It is not necessary to style your windows in a pane. To get the most out of your living room's window treatments, follow these guidelines.
DO: Make your curtains tall and wide.
Hang curtains at least 12 inches above the window frame or all the way to the ceiling to make your home appear larger and more opulent. Extend your curtain rod 3 to 6 inches on either side for the best effect.
DO NOT: Hang them directly above the window.
Drapes that hang directly above the frame obstruct the window and let in less light, giving the entire space a congested appearance. Keep in mind that your curtains should not fall more than 2 inches within the frame on either side when open.
DO: Layer Window Coverings
Designer windows nearly always have at least two window treatments, whether it's a matchstick shade with curtains, wood blinds with a lovely Roman shade, or louvered shutters with a sleek valance. This rule not only improves practicality (more window treatments, better insulation), but it also improves style by making the window a design focal point. Consider the above window sans the yellow draperies. Isn't it boring?
DON'T: Go Too Far
Window treatments are no exception. Too much of anything is usually a negative thing. The more fabric you drape over a window, the less light comes in and the smaller your area appears. Before you commit, experiment with a few other layering approaches.
DO: Lower the curtains to the floor.
Buying store-bought curtains without first measuring the height of the wall is a common mistake made by inexperienced decorators. Drapes should puddle slightly, kiss the floor, or hover a half-inch above the floor for a fitted look. Cafe curtains on a windowsill are the same.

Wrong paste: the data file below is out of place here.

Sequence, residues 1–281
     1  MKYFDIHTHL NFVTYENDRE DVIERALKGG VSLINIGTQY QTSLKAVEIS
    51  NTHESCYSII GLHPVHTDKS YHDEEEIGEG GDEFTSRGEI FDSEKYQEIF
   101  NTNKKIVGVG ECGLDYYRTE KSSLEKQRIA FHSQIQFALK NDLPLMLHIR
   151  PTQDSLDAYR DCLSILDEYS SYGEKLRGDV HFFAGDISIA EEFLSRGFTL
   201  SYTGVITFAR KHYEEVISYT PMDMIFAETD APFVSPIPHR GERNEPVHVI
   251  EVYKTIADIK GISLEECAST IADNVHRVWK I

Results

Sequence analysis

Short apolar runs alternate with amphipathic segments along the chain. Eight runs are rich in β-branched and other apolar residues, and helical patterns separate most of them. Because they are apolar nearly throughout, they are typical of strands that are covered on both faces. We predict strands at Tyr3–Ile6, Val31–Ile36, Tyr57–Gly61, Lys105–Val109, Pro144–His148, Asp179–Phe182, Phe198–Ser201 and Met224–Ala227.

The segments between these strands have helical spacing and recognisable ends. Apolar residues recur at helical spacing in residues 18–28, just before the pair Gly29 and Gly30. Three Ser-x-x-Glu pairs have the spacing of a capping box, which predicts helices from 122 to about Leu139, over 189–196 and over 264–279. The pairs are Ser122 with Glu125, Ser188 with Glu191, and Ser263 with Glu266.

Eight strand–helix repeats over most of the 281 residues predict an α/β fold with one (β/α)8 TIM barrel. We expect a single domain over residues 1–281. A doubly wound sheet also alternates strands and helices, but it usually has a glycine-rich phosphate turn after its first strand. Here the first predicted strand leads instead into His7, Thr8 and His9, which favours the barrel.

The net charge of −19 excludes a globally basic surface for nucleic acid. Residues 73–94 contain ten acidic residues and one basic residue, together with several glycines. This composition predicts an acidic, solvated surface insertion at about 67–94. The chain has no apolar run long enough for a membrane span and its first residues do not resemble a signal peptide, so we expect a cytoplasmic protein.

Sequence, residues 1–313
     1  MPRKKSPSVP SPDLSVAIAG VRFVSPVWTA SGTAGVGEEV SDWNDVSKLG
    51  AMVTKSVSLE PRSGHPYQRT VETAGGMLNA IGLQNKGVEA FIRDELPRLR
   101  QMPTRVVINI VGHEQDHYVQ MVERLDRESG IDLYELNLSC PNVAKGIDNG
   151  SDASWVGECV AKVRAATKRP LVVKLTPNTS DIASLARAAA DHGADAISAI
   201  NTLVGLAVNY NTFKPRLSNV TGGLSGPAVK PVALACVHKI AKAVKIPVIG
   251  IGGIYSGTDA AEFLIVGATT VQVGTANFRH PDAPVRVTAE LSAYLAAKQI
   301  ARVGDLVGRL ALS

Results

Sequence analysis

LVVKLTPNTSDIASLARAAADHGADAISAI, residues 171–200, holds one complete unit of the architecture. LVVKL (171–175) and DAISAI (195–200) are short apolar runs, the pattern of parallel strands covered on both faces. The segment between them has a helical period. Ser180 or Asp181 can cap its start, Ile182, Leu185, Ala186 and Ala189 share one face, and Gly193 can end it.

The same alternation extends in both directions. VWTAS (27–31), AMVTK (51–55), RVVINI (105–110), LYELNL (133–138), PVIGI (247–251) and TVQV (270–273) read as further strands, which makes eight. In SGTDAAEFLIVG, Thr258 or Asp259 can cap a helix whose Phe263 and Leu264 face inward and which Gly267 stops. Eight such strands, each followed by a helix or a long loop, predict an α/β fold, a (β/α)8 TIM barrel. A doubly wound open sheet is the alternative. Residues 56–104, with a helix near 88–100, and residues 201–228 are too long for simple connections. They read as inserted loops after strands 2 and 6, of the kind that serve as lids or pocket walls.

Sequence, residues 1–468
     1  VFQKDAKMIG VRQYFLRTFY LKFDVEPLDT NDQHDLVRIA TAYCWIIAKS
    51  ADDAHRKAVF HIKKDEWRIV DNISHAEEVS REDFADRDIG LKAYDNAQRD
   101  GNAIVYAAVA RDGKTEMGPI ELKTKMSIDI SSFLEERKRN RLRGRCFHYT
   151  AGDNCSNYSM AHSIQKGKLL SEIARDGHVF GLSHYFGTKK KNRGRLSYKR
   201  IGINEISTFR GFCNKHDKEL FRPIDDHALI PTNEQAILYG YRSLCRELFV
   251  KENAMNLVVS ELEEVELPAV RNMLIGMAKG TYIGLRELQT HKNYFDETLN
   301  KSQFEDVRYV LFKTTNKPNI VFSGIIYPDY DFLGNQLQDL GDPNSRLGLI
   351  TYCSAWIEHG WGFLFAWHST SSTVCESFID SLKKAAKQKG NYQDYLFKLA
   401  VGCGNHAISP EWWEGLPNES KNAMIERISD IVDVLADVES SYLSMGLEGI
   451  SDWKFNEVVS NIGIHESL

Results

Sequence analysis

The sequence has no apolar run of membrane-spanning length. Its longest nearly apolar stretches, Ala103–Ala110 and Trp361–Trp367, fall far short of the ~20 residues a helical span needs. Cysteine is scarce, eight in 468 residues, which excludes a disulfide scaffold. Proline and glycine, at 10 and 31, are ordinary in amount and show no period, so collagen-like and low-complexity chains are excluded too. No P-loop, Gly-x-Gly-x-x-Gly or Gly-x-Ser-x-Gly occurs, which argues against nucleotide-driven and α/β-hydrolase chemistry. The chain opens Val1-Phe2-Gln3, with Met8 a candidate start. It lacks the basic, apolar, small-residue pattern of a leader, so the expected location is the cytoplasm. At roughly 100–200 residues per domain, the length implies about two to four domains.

DO NOT: Come to a halt on the windowsill.
High waters were not cool in high school, and they are most emphatically not cool in your living room. Consider the window above, which is draped with floor-length drapes that are hanging high and wide. That would completely change the appearance of the room.
DO: Choose wide-slat blinds or shutters.
A good window treatment adds style, but a great window treatment becomes a part of the architecture of your home. Spend more money on wood or faux wood blinds or interior shutters with wide slats. These premium solutions may be more expensive up front, but they can actually boost the value of your property over time.
DON'T: Scrimp on Quality Blinds
Plastic blinds often shatter and discolor, detracting from the overall appearance of your area.
DO: Experiment with Patterns
Complementary motifs with comparable scale and tone. Be bold. Choose some patterns that stand out. You can mix and match traditional print with modern prints as well.
DO NOT: Complicate Your Idea.
Color blocking can work with drapes, but this mismatched "pair" apparently echoing the abstract painting is just odd. Avant-garde ideas, in general, are better articulated in coffee table books than in dining room window treatments.
DO: Take Use of Natural Lighting
Taking advantage of Mother Nature's most recognized energy source lowers household expenditures, changes the appearance of your space throughout the day, and can even influence the atmosphere of your rooms. A well-chosen treatment, such as these translucent rolling blinds, maximizes those benefits.
For a selection of beautiful window treatments, please visit https://www.homesoftthings.com/